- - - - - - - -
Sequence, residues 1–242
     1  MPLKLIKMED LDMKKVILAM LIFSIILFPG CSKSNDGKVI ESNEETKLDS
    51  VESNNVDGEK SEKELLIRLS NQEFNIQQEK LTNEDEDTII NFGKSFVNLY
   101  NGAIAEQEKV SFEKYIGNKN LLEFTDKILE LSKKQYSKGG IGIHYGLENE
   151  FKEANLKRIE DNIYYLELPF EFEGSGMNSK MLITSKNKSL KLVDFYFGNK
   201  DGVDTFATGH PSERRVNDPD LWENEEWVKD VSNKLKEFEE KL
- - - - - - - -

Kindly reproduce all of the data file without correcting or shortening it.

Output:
Sequence, residues 1–242
     1  MPLKLIKMED LDMKKVILAM LIFSIILFPG CSKSNDGKVI ESNEETKLDS
    51  VESNNVDGEK SEKELLIRLS NQEFNIQQEK LTNEDEDTII NFGKSFVNLY
   101  NGAIAEQEKV SFEKYIGNKN LLEFTDKILE LSKKQYSKGG IGIHYGLENE
   151  FKEANLKRIE DNIYYLELPF EFEGSGMNSK MLITSKNKSL KLVDFYFGNK
   201  DGVDTFATGH PSERRVNDPD LWENEEWVKD VSNKLKEFEE KL